Many adults, especially parents, want to educate their children about politics, but most of them confuse learning politics with induction into a political agenda or belief. Yet there’s a difference between teaching them how politics work, defining diplomacy, etc. and making kids accept subjective statements (opinions) along the lines of “that (insert a name of a politician) is (insert an insult).”
It is normal for people to be biased, but how can children learn about politics while avoiding it?A good way would be to personally experience diplomacy at work but it is unwise to let children govern a country just for the sake of education, so the next logical idea would be to create a simulation of a governing body. One such simulation is Model United Nations, also referred to as Model UN or MUN. It is, obviously, a simulation of real-life UN (with slightly simplified rules) aimed at educating middle school, high school and university students about diplomacy, the United Nations, its structure and aims and international relations in general, as well as nurturing skills of public speaking and research through first-hand experience. Many educational facilities, including ones in Kazakhstan, have taken up the activity. Kazakh schools that attend MUN conferences include, but are not limited to, Miras International School (also a host of an annual MUN conference), Arystan Lyceum, Haileybury Almaty and Kazakh-Turkish Lyceum.
The idea of mimicking a worldwide organisation stems from the Model League of Nations imitations, a precursor to the UN Conferences of MLN first held during the 1920s before League of Nations’ disintegration in the next decade. As the UN was set up in 1945 the idea was reinitiated in the 1950s, though it is unclear which committee was the first one to do so, as the major claimants are Harvard MUN, Berkeley MUN and National MUN NY.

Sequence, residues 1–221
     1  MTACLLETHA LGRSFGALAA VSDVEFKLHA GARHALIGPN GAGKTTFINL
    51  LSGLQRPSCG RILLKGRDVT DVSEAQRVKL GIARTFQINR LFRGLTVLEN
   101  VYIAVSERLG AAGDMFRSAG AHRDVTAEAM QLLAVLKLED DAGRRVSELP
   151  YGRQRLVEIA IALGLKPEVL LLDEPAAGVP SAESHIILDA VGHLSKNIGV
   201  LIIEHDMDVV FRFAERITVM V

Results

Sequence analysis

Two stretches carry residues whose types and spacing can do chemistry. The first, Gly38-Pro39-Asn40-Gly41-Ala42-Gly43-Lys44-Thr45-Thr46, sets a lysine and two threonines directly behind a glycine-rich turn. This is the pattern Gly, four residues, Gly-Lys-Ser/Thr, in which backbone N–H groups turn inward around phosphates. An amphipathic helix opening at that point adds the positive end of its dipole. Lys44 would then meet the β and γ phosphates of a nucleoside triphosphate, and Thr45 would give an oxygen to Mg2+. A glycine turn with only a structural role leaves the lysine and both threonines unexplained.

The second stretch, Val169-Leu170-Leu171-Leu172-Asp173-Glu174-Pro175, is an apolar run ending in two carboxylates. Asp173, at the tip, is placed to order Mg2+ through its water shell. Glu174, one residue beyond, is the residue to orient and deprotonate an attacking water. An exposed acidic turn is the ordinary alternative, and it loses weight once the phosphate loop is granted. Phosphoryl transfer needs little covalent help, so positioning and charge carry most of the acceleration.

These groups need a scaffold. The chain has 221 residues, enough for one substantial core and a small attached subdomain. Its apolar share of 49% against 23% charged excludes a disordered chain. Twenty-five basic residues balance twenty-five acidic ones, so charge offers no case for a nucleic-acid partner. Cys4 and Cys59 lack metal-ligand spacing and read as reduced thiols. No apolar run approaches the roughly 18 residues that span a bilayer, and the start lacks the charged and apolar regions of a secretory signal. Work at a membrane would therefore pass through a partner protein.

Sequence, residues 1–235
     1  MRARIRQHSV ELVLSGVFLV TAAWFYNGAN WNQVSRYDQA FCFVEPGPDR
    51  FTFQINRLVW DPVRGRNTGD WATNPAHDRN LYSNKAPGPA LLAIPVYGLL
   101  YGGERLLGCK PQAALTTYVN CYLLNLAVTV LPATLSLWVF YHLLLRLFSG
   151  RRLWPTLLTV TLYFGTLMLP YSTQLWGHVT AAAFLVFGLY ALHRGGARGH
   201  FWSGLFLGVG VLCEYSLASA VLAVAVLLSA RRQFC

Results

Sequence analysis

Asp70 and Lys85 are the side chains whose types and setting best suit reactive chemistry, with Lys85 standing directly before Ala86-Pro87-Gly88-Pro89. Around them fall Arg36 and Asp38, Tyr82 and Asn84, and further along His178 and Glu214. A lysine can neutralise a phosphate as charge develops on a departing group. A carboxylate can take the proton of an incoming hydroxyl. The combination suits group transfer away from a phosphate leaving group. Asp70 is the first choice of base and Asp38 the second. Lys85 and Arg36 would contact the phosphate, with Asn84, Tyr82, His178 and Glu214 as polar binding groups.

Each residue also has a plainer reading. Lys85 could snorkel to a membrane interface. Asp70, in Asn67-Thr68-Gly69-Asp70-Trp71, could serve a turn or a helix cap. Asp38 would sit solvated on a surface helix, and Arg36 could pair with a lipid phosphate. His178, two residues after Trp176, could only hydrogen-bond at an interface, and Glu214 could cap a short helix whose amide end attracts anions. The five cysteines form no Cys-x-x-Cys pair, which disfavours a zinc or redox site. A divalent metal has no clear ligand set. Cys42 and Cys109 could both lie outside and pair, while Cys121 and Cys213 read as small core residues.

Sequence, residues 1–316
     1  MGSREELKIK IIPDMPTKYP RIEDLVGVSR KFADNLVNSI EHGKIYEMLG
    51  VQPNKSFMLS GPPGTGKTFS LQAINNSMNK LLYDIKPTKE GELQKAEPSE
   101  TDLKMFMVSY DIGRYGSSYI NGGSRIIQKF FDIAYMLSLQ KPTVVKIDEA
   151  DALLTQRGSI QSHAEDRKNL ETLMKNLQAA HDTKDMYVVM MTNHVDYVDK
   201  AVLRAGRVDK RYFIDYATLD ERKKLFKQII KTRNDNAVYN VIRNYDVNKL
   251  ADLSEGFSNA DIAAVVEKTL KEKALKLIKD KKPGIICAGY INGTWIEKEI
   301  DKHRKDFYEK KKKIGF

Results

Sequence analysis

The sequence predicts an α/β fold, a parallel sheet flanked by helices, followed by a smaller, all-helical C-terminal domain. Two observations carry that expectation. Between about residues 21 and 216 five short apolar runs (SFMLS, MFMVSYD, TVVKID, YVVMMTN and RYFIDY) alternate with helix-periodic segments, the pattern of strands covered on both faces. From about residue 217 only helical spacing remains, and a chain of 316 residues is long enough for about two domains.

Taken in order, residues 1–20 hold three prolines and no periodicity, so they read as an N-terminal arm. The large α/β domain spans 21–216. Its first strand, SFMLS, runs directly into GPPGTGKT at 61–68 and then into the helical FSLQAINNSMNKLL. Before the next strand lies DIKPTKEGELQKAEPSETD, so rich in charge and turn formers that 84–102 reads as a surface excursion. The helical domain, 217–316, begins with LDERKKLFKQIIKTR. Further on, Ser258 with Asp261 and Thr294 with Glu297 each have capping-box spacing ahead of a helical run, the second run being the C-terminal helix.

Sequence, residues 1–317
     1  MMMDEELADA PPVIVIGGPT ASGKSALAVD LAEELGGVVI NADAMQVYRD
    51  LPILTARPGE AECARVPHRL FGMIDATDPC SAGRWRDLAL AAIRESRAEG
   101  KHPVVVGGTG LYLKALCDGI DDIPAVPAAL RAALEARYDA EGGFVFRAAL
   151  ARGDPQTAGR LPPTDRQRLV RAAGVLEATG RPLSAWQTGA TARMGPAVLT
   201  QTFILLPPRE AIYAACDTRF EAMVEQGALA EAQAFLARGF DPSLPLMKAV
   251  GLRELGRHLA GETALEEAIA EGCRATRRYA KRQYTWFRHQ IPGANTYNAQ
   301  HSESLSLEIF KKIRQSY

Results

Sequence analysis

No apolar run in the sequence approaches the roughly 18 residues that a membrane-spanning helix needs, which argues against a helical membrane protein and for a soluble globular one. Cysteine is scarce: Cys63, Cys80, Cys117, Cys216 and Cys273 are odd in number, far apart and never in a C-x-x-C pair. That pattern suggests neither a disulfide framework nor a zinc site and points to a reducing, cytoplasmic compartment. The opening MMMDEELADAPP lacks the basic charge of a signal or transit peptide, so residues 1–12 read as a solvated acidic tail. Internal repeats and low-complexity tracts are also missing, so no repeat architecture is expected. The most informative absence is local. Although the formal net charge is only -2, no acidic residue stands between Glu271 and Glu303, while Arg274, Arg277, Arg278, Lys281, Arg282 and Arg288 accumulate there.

Recently MUN has spread to many parts of the world, Kazakhstan included, with some conferences being set up to take in delegates (participants) from countries other than its host’s homeland, such as Haileybury MUN and the aforementioned Harvard MUN, and some are often hosted in different countries each year. Participants come from very different countries and in a single conference delegates from nations such as the U.S., UK, Russia, Pakistan, Kazakhstan and Turkey can be present. In Kazakhstan, the idea was first taken up some time in late 2000s but there is little documentation to suggest which conference it was, the most likely candidate is the Miras MUN as it was the largest one at that time in the country.
U.S. Supreme Court Justice Stephen Breyer recalled his experience with MUN. “When I was an undergraduate at Stanford, I was twice a delegate to the Model United Nations and once a member of the Secretariat (when Stanford was the host). Students are enthusiastic role-players. We had to learn how nations and their representatives could work with others. We learned about how the United Nations (and international relations) worked in practice. The experience was valuable, the conferences were educational and it was great fun. I am delighted to learn more than half a century later the Model UN is still going strong. I should think that in today’s great global conversation it offers … students an even more valuable experience.”